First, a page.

SUPHANBURI: The sight of roadside stalls selling seasonal fruit, diesel-flavored roast chicken or other comestibles is a common one on any road trip in Thailand. Along the roads of Suphanburi, however, the offerings are a bit more exotic, with cobras and field rats the current hits.
On October 27, Sala Phromphim, who owns five stalls selling the unusual delicacies along the Suphanburi-Bangbuathong stretch of Highway 340, said that he has been running his operation for around 10 years.
Recently, the demand for snakes and rats has soared, he was happy to report.
The field rat meat sells for 80-90 baht per kilogram, while whole cobras fetch 500 to 600 baht each, depending on their size.
These prices are for fresh, live-caught animals, with the price tags significantly lower for prepared meat, Mr Sala said.
Among his customers, he counted many regular locals, people just passing through, and a number of snake-meat enthusiasts who travelled a long way to buy at his stalls.
Folks in this last group usually demand live snakes and knew all about the best way to prepare them, he said.
Though he was happy for the extra business, Mr Sala said he was worried the increased interest in rat meat would put a strain on the local population of the rodents, which had already been hit hard by changes in local farming techniques.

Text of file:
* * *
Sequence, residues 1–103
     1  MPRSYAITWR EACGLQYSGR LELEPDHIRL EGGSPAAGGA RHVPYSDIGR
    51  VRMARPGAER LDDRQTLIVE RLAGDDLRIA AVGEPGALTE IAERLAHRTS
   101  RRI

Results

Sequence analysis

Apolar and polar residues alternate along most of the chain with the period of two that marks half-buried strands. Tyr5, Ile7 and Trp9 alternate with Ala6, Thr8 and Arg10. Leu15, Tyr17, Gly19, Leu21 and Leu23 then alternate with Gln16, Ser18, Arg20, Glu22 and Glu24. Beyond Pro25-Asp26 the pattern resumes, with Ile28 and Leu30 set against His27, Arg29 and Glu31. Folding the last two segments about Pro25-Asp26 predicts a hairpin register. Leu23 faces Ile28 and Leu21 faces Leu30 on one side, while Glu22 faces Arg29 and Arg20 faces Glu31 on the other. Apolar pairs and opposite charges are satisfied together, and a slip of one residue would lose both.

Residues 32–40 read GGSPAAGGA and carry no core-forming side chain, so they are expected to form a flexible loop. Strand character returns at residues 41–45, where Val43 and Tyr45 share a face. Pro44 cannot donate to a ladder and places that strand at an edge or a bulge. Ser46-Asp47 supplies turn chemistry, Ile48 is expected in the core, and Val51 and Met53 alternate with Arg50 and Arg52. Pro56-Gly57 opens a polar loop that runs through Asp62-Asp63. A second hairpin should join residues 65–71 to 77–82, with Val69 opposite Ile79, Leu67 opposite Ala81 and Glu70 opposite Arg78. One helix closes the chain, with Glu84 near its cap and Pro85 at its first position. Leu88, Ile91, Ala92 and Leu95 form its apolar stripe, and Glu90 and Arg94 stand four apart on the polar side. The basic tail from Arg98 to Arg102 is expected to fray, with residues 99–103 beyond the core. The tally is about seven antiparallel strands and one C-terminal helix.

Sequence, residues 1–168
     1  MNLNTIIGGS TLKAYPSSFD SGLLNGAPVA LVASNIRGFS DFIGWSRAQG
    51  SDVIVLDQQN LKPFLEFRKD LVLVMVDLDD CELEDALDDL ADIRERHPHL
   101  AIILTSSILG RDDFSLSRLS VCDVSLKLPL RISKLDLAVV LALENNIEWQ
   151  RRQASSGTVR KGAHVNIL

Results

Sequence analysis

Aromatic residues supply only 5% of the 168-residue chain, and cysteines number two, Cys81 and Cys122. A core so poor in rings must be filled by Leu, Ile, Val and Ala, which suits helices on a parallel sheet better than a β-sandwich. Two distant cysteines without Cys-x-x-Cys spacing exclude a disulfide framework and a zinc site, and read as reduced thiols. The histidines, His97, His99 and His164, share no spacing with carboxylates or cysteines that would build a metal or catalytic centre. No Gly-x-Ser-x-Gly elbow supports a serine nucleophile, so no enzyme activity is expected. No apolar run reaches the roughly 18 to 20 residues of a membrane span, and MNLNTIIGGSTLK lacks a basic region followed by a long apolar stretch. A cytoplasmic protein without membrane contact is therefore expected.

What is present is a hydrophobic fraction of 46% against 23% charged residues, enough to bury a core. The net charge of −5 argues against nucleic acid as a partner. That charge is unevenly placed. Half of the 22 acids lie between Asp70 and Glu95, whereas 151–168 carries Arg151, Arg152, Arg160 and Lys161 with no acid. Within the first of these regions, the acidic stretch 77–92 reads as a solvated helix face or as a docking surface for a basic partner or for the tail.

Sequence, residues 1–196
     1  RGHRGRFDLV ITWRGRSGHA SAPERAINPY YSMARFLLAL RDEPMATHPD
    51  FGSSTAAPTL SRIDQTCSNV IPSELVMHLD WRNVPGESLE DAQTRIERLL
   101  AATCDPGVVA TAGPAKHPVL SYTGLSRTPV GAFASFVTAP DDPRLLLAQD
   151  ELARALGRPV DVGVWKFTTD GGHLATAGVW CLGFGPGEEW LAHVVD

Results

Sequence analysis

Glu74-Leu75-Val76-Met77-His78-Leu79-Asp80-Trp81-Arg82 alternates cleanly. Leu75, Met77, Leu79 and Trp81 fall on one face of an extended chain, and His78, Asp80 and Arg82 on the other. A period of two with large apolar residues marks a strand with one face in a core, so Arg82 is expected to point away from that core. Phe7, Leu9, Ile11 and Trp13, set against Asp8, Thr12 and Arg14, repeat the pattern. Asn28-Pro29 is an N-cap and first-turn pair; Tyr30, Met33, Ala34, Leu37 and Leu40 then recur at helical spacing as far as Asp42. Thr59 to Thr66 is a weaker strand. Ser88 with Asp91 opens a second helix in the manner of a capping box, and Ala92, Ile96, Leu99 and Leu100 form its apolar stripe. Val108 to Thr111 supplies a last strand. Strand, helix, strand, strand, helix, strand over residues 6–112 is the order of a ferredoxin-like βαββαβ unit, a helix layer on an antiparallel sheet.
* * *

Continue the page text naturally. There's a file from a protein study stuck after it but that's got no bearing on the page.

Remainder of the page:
Local farmer Phairat Wang- dee disagreed, however. He said he was glad to see the rats being caught and sold off because they breed fast, damage crops and can spread disease.
Contrary to popular belief, eating rats is not only for poor people, he said.
The price of rat meat is considerably higher than the price of pork, meaning that only wealthier locals could afford to buy it.
Poorer folks had to catch the rats themselves if they wanted to dine on them, he lamented. But not everyone was so pleased with the new-found popularity of the exotic dishes. Dr Surin Prasithiran, from the Suphanburi Public Health Office, said that properly-cooked rat meat should pose no health risks.
Cobra consumption presented more of a problem, however.
The practice of drinking freshly-killed cobra blood could lead to parasitic infection and gastrointestinal disease, he said.
Assistant Professor Pan-thep Ratanakon, Director of the Centre for Wildlife Protection, added that not only did eating cobras pose a health risk, it was also illegal under the 1997 Wildlife Protection Act.
Trade in cobras is punishable with a prison sentence of up to four years and/or a fine of up to 40,000 baht for both seller and buyer, he said.
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